UK/US EQUITY -  STOCKS & GILTS RETURNS STUDY 2007

Barclays Capital Equity Gilt Study 2007 is the 52nd annual edition of Barclays Capital's flagship publication and is one of the oldest and most respected continually published research document in the City.

Since 1956, the Study has provided investors with reliable long term data series for nominal and real returns from UK and US financial assets. The UK data series begins in 1899 whilst the US series starts in 1926. "Aside from the historical data presented in the Study, Barclays Capital also addresses various topics that are of relevance to the long term investor or asset allocator" said Tim Bond, Head of Global Asset Allocation Strategy and the primary author of The Equity Gilt Study. "Whilst most financial analysis is generally focussed on the short term, the long historical horizon of the Equity Gilt Study provides an appropriate setting to consider broader issues that are often neglected by the markets."

Equity yields

Climate change will boost the global economy and dominate financial markets over the next 25 years, a leading investment bank has predicted.

In this years report, Barclays Capital challenges the conventional wisdom that global warming will have a devastating impact on economic growth. It believes the need to increase energy capacity by 50 per cent by 2035, while simultaneously reducing dependence on hydrocarbons, will spark an " energy revolution" reminiscent of the technology revolution which led to the dot.com boom.

"If ever the time were ripe for such an energy revolution, it is now," said Tim Bond. "And like all historical adoptions of general purpose technologies, the process should prove immensely stimulative to economic growth."

Bond says that those who couch the climate change debate in terms of the cost to growth are underestimating the impact of an energy revolution. Last year's Stern Review concluded that if temperatures rise by five degrees celsius, up to 10 per cent of global output could be lost.

"All of the historical changes in energy supply - from dung to wood to coal to oil - were stimulative for the economy concerned. Every major technological change was accompanied or followed by faster economic growth." he said. Like every revolution, there will be winners and losers, with the energy sector set to reap the biggest rewards.

In the meantime, current uncertainty over US climate change policy may be deterring energy investment, the report says. Until public opinion forces the US administration to address the issue, energy scarcity will intensify and prices will continue to soar. Indeed, futures markets suggest that oil prices, already at levels last seen during the 1970s oil shock in inflation-adjusted terms, will keep rising due to a worsening supply/demand imbalance. The same is true for the other hydrocarbon, coal.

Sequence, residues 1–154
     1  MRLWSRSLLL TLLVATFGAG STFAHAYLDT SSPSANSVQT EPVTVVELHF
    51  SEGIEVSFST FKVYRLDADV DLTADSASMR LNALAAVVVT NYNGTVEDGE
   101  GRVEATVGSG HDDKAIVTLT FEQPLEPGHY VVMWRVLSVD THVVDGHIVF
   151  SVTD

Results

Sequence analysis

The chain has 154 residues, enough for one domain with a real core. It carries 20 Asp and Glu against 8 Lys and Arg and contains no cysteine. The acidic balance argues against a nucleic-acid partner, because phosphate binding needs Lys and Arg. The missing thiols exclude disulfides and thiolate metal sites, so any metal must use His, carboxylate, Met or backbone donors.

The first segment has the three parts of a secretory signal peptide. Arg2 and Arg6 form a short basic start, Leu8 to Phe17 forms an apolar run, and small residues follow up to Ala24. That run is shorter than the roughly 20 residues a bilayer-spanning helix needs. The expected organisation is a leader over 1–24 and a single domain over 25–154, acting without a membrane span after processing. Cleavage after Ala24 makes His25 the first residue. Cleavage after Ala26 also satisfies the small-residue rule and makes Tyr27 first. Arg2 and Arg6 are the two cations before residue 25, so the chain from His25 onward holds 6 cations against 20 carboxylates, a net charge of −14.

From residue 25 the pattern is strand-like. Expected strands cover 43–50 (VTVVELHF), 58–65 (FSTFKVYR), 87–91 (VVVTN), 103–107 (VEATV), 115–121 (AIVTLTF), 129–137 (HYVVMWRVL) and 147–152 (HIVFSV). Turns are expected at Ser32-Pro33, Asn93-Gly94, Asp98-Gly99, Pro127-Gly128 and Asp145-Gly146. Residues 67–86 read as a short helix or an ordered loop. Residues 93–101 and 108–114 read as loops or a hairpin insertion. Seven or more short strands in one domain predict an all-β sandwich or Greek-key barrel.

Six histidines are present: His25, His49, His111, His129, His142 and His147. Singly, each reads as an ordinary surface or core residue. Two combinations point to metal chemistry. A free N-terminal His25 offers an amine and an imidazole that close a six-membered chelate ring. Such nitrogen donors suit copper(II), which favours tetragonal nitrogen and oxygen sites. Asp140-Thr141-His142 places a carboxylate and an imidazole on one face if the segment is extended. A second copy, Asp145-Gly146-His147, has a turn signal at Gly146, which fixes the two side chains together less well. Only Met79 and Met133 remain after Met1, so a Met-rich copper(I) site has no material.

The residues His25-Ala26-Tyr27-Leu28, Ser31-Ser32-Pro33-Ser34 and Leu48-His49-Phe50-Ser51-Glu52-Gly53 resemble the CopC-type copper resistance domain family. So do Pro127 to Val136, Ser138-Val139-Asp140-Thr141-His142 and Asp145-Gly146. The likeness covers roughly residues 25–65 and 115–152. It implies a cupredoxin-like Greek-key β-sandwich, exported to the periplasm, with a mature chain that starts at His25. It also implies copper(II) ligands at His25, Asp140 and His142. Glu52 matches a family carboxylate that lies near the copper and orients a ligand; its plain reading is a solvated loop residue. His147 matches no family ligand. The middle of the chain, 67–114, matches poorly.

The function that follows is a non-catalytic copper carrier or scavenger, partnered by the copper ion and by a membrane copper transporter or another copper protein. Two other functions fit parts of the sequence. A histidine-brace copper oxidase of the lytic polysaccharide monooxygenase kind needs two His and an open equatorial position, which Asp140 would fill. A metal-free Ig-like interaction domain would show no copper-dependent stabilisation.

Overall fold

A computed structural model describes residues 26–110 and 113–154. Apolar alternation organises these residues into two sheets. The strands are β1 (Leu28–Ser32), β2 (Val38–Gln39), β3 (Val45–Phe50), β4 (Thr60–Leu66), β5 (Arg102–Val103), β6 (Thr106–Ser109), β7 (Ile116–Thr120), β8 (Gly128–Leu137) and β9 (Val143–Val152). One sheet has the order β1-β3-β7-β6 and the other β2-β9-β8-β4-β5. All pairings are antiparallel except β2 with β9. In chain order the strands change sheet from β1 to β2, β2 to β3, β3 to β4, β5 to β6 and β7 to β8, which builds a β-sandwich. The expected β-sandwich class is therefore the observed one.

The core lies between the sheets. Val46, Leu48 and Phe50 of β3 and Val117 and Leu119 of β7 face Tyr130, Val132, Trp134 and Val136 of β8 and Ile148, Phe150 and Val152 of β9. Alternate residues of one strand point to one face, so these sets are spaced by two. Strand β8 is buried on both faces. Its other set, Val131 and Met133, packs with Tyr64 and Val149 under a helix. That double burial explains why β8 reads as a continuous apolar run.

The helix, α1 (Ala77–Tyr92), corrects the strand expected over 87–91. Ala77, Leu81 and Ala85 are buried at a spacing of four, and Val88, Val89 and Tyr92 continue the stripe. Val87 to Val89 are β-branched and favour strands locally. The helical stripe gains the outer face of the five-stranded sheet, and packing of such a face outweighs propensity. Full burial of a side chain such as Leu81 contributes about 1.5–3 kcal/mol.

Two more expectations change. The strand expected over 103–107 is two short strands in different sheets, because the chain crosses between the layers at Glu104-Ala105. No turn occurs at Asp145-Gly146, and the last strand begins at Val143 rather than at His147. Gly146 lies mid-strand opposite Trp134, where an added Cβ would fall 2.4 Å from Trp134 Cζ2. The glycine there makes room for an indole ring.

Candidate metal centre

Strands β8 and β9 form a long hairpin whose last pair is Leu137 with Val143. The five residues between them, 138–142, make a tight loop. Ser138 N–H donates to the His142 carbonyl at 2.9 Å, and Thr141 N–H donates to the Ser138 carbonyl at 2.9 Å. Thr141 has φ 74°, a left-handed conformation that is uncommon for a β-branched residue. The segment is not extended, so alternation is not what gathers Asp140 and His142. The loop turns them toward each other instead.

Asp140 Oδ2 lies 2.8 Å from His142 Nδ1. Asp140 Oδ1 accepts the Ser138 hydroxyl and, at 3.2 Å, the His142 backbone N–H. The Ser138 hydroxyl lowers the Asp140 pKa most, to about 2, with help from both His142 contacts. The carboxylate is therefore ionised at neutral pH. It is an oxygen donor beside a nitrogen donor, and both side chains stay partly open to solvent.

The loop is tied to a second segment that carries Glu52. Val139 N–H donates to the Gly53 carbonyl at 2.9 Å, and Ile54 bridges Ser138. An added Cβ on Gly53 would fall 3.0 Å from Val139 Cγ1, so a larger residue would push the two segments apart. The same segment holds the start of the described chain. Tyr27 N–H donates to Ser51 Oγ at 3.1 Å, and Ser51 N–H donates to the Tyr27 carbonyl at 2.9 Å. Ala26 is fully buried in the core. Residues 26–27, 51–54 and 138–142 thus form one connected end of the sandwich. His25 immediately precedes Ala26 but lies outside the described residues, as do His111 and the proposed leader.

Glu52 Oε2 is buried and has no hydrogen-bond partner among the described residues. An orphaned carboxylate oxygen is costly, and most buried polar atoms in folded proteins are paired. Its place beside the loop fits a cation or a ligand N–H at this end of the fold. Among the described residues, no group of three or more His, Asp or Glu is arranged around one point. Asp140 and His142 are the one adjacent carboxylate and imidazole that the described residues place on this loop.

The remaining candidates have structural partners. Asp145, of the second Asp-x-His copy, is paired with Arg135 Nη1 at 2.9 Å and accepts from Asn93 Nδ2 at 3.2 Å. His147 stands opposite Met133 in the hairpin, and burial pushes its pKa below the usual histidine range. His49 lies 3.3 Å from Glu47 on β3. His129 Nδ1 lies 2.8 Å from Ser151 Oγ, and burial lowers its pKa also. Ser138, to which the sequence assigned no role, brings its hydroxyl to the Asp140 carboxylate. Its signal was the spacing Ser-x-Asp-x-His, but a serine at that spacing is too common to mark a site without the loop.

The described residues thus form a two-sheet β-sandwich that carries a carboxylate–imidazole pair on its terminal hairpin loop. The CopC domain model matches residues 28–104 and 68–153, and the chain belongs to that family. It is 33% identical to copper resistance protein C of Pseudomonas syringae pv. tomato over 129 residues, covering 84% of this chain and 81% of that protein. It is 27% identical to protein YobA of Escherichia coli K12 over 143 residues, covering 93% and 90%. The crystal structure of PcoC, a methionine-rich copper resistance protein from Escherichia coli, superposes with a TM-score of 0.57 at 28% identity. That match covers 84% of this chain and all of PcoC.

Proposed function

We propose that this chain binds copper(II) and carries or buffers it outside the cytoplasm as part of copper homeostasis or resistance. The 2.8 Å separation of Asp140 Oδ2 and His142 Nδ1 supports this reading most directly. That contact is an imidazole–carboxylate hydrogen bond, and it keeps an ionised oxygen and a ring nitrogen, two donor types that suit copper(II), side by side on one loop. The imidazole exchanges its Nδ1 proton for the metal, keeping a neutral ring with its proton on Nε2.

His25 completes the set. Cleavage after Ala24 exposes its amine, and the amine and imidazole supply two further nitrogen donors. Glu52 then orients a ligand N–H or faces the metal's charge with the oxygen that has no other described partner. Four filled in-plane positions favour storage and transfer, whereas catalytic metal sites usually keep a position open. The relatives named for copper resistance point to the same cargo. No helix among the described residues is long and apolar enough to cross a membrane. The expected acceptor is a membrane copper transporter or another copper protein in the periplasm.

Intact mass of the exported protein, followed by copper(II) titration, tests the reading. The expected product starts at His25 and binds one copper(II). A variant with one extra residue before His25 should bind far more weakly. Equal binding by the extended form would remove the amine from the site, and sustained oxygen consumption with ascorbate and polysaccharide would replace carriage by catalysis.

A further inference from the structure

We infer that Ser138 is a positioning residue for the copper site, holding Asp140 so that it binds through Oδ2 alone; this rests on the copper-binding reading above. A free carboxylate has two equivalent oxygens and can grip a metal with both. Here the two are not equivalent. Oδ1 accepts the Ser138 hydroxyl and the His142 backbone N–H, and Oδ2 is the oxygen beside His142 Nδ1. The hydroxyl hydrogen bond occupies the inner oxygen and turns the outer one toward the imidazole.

"The impact of the replacement, restructuring and expansion of our energy infrastructure cannot be ignored," Bond said. "Just as the personal computer cannot be un-invented, neither can the impending energy revolution."

The report is contained in Barclays Capital's annual Equity Gilt Study, which shows that equities were far and away the best-performing financial asset in 2006, as the stock market rally continued. Last year, money invested in stocks and shares grew by 11.4 per cent, still less than the 19 per cent growth seen in 2005.

In contrast, money invested in gilts shrank by 4.4 per cent as rising inflation wiped out nominal returns. Corporate and index-link bonds also suffered, falling by 4.5 per cent and 2.1 per cent respectively. Cash returns edged up by 0.4 per cent.

Barclays Capital calculated than an investor who put £100 in the stock market in 1899 would now be sitting on £25,022 if all income had been reinvested and adjusted for inflation. The same money invested in gilts would now be worth £323. If the £100 had been kept in cash, it would have swelled to just £286, it said.  

The Equity Gilt Study
The Equity Gilt Study has been published annually since 1956. The 2007 Equity Gilt Study is the 52nd annual edition of Barclays Capital’s flagship publication. The study provides data and analysis of the annual returns in equities, government bonds and cash from the end of 1899 for the UK, and from the end of 1925 for the US. The US data is kindly provided by the Center for Research in Security Prices at the University of Chicago Graduate School of Business. Shorter histories of UK data are also presented for index-linked gilts and corporate bonds.

The highlights of the 2007 edition of the Equity Gilt Study as summarised by Barclays, are presented below in chapter order.

Chapter 1 – The energy revolution
We examine the relationship between the energy market and climate change policy. Our thesis is that the energy infrastructure of the global economy is prone to radical restructuring in the years ahead, a process that could be described as an energy revolution.

The driving forces are twofold. First, the spiral higher in energy prices since 2002 has revealed that current energy supply is likely to prove insufficient in light of current demand trends. The world therefore needs a sizeable increase in capacity to accommodate the energy ambitions of both industrialised and industrialising economies. Second, public opinion in the OECD has reached an inflection point on climate change, with the political path now open for establishing an international agreement on emissions reduction.